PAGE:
@Adelutza: Just saw Police, Adjective tonight. Hope you enjoy it!

@Tim: "Testicle" is Max's fifth favorite word of all time—I won't ruin the other four–so it's officially an auteurist signature, right?

@Jason: Well, I agree that this was the idea (behind the stentorian monumentality), but is the movie really "about" fascism, much less in a way that demands the movie has to be one to know one? And if so, how come after all that crashing music and grandiose spectacle, I still don't feel like I know anyone in it? Ida was such a cipher, and she had all the same scenes that some actress or other winds up having once a year; last year, it was Angelina Jolie, and you know Evan Rachel Wood is just dying for her turn.

9:04 PM, October 13, 2009  
Blogger Tim said...

I must confess to loving Vincere a lot (opera is my great weakness), but I look forward to the full review.

The real reason I'm commenting: if one had to choose between Mary and Max and My Neighbor, My Killer - and I have to do just that, on the 20th - what would you suggest that one should choose?

10:46 PM, October 13, 2009  
Blogger NicksFlickPicks said...

@Tim: That's a tough choice, especially since the films are so tonally different; your mood might make your choice for you, as might the likelihood of Mary and Max selling out. I guess I feel like My Neighbor, My Killer stands a greater chance of disappearing into the void after this festival (although Aghion's stuff has had regular exhbition on TV, so maybe not). Then again, MNMK was most interesting to me for what it powerfully suggested, despite some lapses in the filmmaking; and M&M was most powerful for what was up there on screen, despite some ultimate limits in its imagination. Does that steer your decision at all? (I'm worried I had a softer spot for MNMK than some would...)

10:57 PM, October 13, 2009  
Blogger Lev Lewis said...

Ooh, are grades align for "Police, Adjective". Really interested to your take on that one.

I have to admit that my screening of the film was late at night, and arrived just after a screening of "A Prophet", so I think the film felt about ten times slower than it would've otherwise. Let's just say it wasn't exactly the film I needed to keep me galvanized at one in the morning.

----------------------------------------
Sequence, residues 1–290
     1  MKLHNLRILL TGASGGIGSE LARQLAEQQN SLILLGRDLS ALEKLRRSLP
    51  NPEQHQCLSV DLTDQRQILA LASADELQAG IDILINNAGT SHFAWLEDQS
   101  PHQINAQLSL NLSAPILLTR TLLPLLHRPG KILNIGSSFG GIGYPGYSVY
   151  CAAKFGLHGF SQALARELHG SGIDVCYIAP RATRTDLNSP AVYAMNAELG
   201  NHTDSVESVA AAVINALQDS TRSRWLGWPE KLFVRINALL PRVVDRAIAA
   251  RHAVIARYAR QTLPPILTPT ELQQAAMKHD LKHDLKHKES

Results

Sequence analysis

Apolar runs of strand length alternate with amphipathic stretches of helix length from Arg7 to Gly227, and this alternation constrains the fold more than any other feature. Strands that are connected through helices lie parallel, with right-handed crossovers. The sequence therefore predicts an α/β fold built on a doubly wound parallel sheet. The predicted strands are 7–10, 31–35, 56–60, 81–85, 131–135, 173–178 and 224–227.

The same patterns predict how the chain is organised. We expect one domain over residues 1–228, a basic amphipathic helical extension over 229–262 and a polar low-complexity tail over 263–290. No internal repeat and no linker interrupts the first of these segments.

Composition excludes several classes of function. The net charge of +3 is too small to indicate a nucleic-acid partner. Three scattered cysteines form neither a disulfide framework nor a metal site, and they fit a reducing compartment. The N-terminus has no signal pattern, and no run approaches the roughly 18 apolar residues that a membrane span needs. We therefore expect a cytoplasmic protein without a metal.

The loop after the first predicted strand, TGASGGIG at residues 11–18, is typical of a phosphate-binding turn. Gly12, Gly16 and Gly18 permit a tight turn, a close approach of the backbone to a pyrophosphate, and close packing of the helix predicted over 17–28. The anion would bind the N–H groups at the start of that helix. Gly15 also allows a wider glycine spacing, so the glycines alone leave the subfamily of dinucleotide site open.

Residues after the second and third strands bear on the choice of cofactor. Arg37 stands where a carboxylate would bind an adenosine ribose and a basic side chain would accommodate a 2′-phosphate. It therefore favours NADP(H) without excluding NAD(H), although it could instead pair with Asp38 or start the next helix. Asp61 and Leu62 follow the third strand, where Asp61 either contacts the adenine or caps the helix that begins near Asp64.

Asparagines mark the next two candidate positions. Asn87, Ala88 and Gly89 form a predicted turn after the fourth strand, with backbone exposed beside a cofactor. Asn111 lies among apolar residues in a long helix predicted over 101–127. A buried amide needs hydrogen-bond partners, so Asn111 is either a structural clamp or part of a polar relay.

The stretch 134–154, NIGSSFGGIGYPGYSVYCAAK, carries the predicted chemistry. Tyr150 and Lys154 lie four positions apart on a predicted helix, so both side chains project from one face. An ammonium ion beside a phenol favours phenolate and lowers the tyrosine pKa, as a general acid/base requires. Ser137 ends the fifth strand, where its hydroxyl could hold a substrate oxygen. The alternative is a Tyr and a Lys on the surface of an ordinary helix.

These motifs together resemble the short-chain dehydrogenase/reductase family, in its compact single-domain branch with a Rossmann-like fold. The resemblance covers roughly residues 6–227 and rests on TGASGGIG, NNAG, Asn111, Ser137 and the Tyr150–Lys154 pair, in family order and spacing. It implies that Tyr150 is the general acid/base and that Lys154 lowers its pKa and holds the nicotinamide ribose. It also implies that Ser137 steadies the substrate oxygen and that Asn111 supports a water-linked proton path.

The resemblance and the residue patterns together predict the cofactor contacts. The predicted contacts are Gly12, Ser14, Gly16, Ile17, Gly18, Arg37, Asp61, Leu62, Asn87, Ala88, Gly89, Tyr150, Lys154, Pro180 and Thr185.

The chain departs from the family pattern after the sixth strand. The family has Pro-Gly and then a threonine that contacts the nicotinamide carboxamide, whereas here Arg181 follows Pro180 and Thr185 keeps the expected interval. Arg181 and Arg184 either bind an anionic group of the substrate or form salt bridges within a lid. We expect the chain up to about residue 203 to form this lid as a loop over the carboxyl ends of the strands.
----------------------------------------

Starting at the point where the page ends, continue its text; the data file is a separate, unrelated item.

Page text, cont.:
12:35 AM, October 14, 2009  
Blogger Lev Lewis said...

And there was meant to be a hear between the to and the your.

12:37 AM, October 14, 2009  
Blogger Y Kant Goran Rite said...

I liked [rather than loved] Harvey Krumpet, but I'm still not confident I can handle Adam Elliott's sense of whimsy in feature-length format.

I do really wanna get behind your About Elly endorsement though - Dogtooth and White Ribbon aside, it was the most gripping of the 50+ films I caught at the Melbourne Film Festival. The suspense plotting is pretty masterful (especially for a young filmmaker), but also, I don't think I've ever before seen the social dynamics among contemporary Iranian twenty-somethings presented at all, much less this acutely.

1:27 AM, October 14, 2009  
Blogger Glenn said...

I'm so glad you liked Mary & Max (B+!) I had a couple of issues with, mainly that the film flies by at such a rapid speed that when it slows down towards the end for the more "serious" stuff it actually felt more like the wind had gone out of its sails. That and I think perhaps Toni Collette could have been recast.

I did however think Bethany Whitmore did some incredibly voice work at the young Mary, as did Phillip Seymour Hoffman and even Barry Humphries as the ever-present narrator (something that I thought would be a problem, but wasn't).

I love the art of claymation though in general. It always brings out so much more creativity.

You might be pleased to learn that Adam Elliot actually won the director of the year prize from the Australian Director's Guild, which is quite impressive give the strength of 2009 for Aussie films and, well, it's animated. If only American guilds could also realise that animated films have directors too.

I am willing to send you tim tams. I've done it before!

2:34 AM, October 14, 2009  
Blogger Glenn said...

And thank you for the dedication. It was like a birthday perfect storm or something.

2:40 AM, October 14, 2009  
Blogger Glenn said...

BTW, will you be writing about "The Maid"? I wanna make a comment about it, but will wait.

2:59 AM, October 14, 2009  
Blogger NicksFlickPicks said...